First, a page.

In the midst of the coronavirus crisis there is a huge opportunity for Canada’s offshore oil and gas industry | Instant News


The oil and gas industry off the coast of Newfoundland and Labrador faces major challenges because of the drop in oil prices and the COVID-19 pandemic. Exploration wells have been delayed and several Major projects have been suspended.

Albert Einstein once said, “In the midst of every crisis, there is a great opportunity.” With extensive resources, infrastructure, highly skilled individuals and offshore industry expertise, Canada has a unique opportunity to become a global leader in the transition to new and alternative offshore energy technologies.

As the dean faculty of engineering and applied science at Memorial University, I see the brilliant potential of new graduates and talented young thinkers. They have the ability and desire to create innovative solutions to world energy challenges.

To realize this vision in times of crisis in the offshore industry, Canada needs to step in by offering its support, such as through Atlantic Investment Tax Credit or other similar programs, to make the offshore project move again. Canada also needs to speed up approval of new projects.

Smart young minds solve energy challenges

The offshore oil and gas industry has made a significant contribution to Memorial University; professors and their research programs; students through scholarships and scholarships; and more broadly, the provinces of Newfoundland and Labrador with employment opportunities, among others.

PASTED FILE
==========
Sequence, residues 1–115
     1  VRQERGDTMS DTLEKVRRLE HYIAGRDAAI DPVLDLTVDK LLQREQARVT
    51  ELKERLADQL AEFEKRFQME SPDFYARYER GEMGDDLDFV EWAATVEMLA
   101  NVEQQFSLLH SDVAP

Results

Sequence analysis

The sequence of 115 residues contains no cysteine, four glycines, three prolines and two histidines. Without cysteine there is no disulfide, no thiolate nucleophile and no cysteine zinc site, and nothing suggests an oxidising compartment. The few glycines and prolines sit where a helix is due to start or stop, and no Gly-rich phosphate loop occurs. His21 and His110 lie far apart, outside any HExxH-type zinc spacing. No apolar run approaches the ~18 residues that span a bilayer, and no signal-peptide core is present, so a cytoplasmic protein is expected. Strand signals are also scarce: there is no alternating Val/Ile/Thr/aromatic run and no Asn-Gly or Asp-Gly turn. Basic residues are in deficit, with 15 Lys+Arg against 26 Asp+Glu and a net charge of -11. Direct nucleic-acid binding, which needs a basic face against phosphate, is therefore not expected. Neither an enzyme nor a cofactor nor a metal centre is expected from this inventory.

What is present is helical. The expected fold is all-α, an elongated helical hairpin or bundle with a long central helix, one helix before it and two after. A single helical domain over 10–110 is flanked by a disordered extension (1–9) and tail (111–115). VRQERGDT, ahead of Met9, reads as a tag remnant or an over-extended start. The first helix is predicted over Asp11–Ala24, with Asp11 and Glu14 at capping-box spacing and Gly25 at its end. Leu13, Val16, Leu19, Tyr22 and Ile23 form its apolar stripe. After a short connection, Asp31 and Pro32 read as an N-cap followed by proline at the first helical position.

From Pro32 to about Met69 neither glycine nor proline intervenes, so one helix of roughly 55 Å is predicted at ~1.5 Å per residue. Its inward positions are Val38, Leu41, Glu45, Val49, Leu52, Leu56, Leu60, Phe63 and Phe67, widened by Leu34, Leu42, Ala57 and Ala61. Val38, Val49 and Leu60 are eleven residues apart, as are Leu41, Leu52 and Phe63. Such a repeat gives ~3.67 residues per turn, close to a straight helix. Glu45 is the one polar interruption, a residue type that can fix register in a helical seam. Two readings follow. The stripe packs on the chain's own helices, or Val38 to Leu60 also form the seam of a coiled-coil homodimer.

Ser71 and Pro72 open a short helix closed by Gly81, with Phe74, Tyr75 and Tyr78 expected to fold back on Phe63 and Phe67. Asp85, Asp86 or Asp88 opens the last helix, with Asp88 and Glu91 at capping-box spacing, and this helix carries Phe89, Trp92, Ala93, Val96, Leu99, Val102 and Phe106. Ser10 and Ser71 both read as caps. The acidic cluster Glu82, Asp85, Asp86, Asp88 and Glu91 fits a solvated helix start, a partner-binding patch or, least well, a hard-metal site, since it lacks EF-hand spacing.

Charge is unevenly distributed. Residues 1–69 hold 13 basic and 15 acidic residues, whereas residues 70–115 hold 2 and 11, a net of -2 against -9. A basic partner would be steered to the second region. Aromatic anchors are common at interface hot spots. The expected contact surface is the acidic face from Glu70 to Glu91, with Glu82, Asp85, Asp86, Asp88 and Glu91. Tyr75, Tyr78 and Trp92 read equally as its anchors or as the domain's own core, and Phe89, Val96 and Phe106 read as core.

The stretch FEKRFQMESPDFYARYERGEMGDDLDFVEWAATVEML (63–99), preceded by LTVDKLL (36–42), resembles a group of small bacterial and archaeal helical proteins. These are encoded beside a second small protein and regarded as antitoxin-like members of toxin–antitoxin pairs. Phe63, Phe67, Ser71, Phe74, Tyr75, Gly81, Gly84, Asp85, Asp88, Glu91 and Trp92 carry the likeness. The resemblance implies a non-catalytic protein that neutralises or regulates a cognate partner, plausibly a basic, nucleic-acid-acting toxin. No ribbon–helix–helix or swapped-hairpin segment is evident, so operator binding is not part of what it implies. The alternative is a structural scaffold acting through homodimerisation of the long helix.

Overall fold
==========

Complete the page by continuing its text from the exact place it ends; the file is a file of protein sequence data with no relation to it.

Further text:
Cooperative Education has enabled our students to gain valuable industry experience before graduating. Usually at least one-third of technical co-op placements have been linked to the oil and gas sector, or more than 400 working conditions each year.



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In recent years, the proportion has reached almost half of all cooperative work requirements. The peak has occurred during the period of major local construction projects in the industry, such as White roses, Hebron and the newer West White Rose expansion project.

For four years in a row, Newfoundland and Labrador have it the highest percentage is female undergraduate engineering students in Canada (27 percent). The experience of quality co-op work terms in the oil and gas industry has become an important factor in attracting and retaining women in engineering.

These opportunities include a variety of valuable learning experiences. Students have worked in many fields such as with operators, service providers for operations, construction, exploration, certification, regulation, research and development, and local startup companies connected with the offshore industry.

Besides energy, petrochemicals also have broader interests in society and applications such as polymers in personal protective equipment (PPE) for the current battle against COVID-19.

Leadership in alternative energy technologies

Climate change is one of the biggest and most difficult problems in the world. I believe that a large university like Memorial solves the world’s biggest problem. Also the oil and gas industry has an important role because it creates highly skilled jobs and sophisticated energy technology needed to solve big challenges.